STI Awareness Week (April 9 – 15th)

STI Awareness Week

Sexually Transmitted Infection (STI) Awareness Week is April 9th through 15th each year.  During this week we take the time to raise awareness about STIs, and how they impact our lives.  This reduces STI-related stigma, fear, and discrimination.  It ensures that people have the tools and information to prevent, test, and treat.

STIs have become more common and rates are increasing.  One in five people in the United States have an STI.  Virginia, and the rest of the U.S., has seen a sharp increase in cases of mothers passing syphilis to their children during pregnancy.

Many people may be unaware that they have an STI.  Having an STI does not mean that you will always have symptoms.  It is important to talk to your sexual partners about your health and engage in safer sex behaviors, such as using condoms correctly and consistently.  Talk to your partners about protecting yourselves from STIs before you have sex.  Make STI testing a part of your routine healthcare.  If you do find out that you have an STI, it is important that you start and complete the treatment prescribed.  Protect yourself and your loved ones with three easy steps: talk, test, treat.

Find a location near you that provides free or low-cost STI testing using Resource Connections.  You can find more information about common STIs on our STI page.  You can also call the Virginia Disease Prevention Hotline to talk to a counselor at (800) 533-4148.  Counselors are ready to answer any questions you may have or connect you to services you may need.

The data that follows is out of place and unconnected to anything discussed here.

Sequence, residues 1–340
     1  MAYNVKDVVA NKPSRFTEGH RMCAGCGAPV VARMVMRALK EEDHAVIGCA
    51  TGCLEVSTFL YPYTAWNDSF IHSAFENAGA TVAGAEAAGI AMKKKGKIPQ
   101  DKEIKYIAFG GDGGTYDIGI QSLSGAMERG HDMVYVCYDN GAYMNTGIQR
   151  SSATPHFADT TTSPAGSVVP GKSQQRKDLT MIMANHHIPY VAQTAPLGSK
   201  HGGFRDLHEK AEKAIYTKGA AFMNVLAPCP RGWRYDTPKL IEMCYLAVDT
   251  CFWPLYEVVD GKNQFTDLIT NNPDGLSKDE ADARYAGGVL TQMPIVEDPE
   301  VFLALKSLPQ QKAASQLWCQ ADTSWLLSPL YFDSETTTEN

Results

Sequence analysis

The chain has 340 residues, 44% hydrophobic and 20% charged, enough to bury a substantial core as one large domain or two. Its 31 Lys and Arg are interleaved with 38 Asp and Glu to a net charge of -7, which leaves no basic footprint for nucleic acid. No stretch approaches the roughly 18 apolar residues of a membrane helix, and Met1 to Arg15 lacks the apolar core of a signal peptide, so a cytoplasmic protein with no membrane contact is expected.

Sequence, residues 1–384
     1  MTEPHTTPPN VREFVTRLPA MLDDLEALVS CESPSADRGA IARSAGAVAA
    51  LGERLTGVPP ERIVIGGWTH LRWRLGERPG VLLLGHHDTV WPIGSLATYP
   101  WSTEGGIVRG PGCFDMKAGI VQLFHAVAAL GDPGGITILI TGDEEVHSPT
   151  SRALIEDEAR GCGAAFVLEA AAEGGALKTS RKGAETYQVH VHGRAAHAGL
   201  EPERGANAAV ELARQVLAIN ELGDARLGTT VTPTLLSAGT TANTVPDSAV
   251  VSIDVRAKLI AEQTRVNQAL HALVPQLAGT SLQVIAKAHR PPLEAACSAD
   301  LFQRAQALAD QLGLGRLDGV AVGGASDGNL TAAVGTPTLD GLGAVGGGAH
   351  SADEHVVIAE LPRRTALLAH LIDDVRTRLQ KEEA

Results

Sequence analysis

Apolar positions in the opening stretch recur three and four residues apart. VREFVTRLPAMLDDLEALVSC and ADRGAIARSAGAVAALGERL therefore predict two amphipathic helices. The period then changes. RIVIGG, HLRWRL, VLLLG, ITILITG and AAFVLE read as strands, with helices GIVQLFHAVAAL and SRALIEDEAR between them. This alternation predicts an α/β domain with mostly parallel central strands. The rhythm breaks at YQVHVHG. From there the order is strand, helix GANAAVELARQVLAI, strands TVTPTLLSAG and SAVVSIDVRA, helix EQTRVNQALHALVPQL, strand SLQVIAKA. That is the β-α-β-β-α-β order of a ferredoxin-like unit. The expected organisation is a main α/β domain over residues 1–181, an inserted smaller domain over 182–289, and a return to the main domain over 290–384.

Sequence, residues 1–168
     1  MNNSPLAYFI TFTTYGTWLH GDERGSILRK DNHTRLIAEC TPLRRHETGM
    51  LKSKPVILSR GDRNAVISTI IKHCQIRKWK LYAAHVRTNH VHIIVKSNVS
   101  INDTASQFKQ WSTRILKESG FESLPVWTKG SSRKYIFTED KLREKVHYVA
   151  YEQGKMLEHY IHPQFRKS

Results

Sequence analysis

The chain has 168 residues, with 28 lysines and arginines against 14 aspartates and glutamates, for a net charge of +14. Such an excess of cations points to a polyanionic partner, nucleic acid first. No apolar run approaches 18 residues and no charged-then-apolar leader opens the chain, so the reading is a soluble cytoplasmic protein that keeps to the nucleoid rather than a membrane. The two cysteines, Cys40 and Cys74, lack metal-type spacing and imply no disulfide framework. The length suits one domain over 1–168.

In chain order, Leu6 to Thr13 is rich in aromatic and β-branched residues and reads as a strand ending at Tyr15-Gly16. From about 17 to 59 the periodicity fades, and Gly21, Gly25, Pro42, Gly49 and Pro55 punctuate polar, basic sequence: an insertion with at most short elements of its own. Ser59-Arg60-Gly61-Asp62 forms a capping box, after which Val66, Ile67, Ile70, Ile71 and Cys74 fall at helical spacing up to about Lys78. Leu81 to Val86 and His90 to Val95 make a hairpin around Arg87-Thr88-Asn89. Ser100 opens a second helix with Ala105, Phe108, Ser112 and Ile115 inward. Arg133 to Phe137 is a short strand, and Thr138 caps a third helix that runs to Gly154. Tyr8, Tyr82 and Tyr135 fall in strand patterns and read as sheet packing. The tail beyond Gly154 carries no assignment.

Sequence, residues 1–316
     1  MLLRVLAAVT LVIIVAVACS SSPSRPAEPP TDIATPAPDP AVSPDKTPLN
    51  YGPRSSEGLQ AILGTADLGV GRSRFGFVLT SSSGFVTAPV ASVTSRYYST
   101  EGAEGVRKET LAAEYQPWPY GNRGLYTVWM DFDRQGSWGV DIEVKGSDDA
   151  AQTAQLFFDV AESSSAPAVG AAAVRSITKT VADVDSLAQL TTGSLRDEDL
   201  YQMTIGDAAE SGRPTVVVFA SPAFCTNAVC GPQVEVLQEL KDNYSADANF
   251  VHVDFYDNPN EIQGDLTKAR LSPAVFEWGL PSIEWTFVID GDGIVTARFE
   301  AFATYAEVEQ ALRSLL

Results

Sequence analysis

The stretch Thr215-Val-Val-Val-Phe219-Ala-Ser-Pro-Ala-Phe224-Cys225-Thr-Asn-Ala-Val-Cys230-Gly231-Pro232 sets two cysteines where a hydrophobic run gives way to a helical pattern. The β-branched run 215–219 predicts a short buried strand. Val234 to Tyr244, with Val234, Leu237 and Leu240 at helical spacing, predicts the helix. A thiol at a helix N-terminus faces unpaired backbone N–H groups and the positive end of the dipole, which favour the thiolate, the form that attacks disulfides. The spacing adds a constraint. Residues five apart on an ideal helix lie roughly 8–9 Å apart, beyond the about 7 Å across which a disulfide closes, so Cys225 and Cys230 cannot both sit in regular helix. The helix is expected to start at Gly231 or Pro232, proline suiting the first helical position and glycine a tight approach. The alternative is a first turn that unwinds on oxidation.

Mpox Update: Preventing Another Outbreak

Nearly a year ago mpox was a hot health topic in the news and in some communities. Mpox particularly affected the LGBTQ+ community. Today, however, VDH data from late March shows that our state has averaged 0 to 2 cases per week since November 2022.

So you may ask yourselves, “why should I think about getting vaccinated.” You could also ask, “why would I go back for the second vaccination?” Currently, only 1 in 4 of those at risk for mpox has been fully vaccinated.  A recent CDC report says without continued vaccination efforts another resurgence of mpox is likely over time.

We need your help to prevent future outbreaks of mpox.  If you are sexually active, and have not received a first or second dose of vaccine, find out about the vaccine recommendations.  If you do not qualify for the vaccine, please review the basics of mpox and how to prevent it.

To learn more about:

  • mpox general info,
  • vaccination recommendations, and
  • to find an mpox vaccination site near you, visit

the VDH mpox webpage at